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The 3 Essential Tips for Finishing Strong

Emily & Kristen

One of the most joyous, yet naturally intense times before your same-sex wedding is the last few weeks leading up to your special day. There are myriad details to attend to and final arrangements to sweep up. During these weeks you’ll make final payments, confirm requests with your professionals and likely field last-minute RSVPs and a stream of questions from your guests. You need to be organized and focused, but also intentional in your efforts to stay calm, work together and even relax! Grab your smartphone, or an old-fashioned pencil and notepad, and prepare yourself to finish strong.

1. Designate a Point Person 

If your wedding includes a significant amount of DIY décor, complicated logistics or will be held at a venue that doesn’t traditionally host weddings, consider investing in an experienced wedding day coordinator. Services generally include consultation time in advance of the wedding for constructing an event timeline and hashing out the details of the ceremony and reception motions. Your coordinator acts on your behalf during set up, manages your many events and oversees “pack up” and “break down” periods. He or she troubleshoots any glitches that may arise and deflects the millions of questions vendors and guests will inevitably have from you, offering you peace of mind so you can actually enjoy your day. Choose a coordinator who is savvy about gay weddings and sensitive to your unique needs. If you do not plan to employ a professional coordinator, choose a responsible friend able to stay calm in a storm to be your point person for the day. Someone organized, diplomatic and resourceful who is not in the wedding party can help ensure all things go smoothly while you’re attending to the business of getting married.

2. Make a List 

Nothing is more powerful than a well thought-out list or three as you prepare for your wedding day. Some helpful ones that you should create include:

  • Emergency Contacts: All of the names, email addresses and mobile phone numbers of your wedding party, wedding professionals and important folks like your house or pet sitter.
  • Ceremony Packing List: Include your rings and marriage license documentation, if applicable, any ritual unity items like candles or sand you might be using, extra copies of your readings and DIY décor items you plan to supply, along with instructions for how and when you want them set up. Include with your ceremony list any items you may need at your rehearsal dinner, including attendant gifts and certain final payments due just prior to the wedding.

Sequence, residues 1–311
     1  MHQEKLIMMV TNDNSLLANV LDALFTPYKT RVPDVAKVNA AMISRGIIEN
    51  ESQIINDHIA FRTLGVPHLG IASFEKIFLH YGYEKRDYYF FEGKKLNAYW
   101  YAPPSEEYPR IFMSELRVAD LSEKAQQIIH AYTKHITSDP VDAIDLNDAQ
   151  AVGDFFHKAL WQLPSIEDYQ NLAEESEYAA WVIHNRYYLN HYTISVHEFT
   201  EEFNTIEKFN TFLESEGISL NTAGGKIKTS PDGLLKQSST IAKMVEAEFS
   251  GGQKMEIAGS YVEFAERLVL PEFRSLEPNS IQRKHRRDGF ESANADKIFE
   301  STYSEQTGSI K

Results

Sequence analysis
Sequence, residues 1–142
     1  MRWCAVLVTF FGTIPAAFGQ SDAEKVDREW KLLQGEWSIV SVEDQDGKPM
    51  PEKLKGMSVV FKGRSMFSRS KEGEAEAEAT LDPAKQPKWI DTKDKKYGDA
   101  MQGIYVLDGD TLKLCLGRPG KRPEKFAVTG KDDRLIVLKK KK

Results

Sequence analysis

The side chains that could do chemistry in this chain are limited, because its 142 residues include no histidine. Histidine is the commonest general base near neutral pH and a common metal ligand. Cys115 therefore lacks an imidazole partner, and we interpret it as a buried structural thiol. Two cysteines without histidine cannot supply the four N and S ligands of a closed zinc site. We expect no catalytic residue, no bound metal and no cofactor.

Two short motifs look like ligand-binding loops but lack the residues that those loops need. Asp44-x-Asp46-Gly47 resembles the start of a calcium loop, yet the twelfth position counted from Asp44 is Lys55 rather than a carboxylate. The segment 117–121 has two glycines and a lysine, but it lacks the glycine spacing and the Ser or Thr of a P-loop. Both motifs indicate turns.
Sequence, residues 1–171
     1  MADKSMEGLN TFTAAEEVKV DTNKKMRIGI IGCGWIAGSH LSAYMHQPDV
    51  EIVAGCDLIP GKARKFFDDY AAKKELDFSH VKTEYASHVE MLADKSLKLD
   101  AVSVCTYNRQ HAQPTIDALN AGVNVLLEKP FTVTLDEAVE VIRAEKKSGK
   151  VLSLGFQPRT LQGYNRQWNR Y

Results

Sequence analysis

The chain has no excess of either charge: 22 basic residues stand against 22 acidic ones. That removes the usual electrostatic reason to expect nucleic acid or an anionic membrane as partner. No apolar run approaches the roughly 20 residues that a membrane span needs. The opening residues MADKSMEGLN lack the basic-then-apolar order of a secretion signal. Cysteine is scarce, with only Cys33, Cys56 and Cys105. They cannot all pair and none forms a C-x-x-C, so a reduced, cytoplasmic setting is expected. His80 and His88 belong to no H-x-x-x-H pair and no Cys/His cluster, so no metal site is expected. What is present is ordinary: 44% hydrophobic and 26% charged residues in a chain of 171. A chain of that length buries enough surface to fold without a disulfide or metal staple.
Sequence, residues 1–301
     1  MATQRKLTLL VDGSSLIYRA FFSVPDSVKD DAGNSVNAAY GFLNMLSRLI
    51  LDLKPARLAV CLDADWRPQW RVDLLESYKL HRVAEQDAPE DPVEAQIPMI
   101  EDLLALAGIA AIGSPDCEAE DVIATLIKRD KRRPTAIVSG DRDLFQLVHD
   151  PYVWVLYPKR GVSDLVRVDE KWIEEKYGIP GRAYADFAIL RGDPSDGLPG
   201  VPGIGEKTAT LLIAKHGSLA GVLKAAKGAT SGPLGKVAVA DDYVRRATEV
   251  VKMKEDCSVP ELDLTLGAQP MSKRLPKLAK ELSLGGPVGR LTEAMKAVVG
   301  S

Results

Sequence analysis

• Reception Packing List: Create a checklist of your personal décor items and other important things you might need such as an autograph book or matte (and the pens to sign them—commonly forgotten item alert!), favors, engagement or family photos you plan to display, toasting glasses, sparklers, bubbles or glow sticks for your departure, and an iPod if your entertainers plan to draw from your personal playlist during their breaks
  • Honeymoon Packing List: In addition to your clothes and travel items, don’t forget copies of important identifying documents like your passports, copies of your marriage license, if available, and both travel and medical insurance documents. 

Your lists may be simple, or you may choose to flesh out each item, including a note about whom you expect to deliver, set up and return each piece, along with when this should take place and in what manner. If you’re super-organized, you can include illustrations or photos of DIY items, especially helpful for friends who are setting up your centerpieces and displays. A good inventory will save you stress before the event, along with time and effort on the big day for your set up and break down crews.

3. Remember: Money Matters

As the last few weeks approach, you must triple check your budget. Take an honest account of what you’ve already spent, what you’ve committed in your vendor agreements and what’s left to still purchase or pay. Make a printed copy of each of your contracts for your wedding day coordinator or point person and a list of final installments with due dates and your plans for remitting payment. Budget surprises this late in the game can be unpleasant, so keep track throughout your planning and make adjustments (either to your services, or your expectations) as soon as a potential issue arises.

Don’t forget to account for gratuities. There are some contracts that will require one payable directly to your driver on the wedding day. This most often occurs with transportation agreements, so read those contracts carefully. While service fees are usually built in to catering agreements as well as some entertainer payments, gratuities are extra considerations granted for a job you consider exceptionally well executed. Amounts vary regionally, and if you’re planning a destination wedding, consult with a local source, as there are cultures that eschew gratuities. In most places, however, they’re highly appreciated and an appropriate expression of gratitude on a very special day.

 

More important than any final detail, and any list, however, is to remember why you have embarked on this wedding planning adventure to begin with – to celebrate the joining of two lives among the people you love most in the world. Don’t get so bogged down in the details that you miss the fun and the meaning. In other words, don’t forget to take some time to breathe!

Photo courtesy of Authentic Eye Photography.

S. Walker is a freelance writer for GayWeddings.com.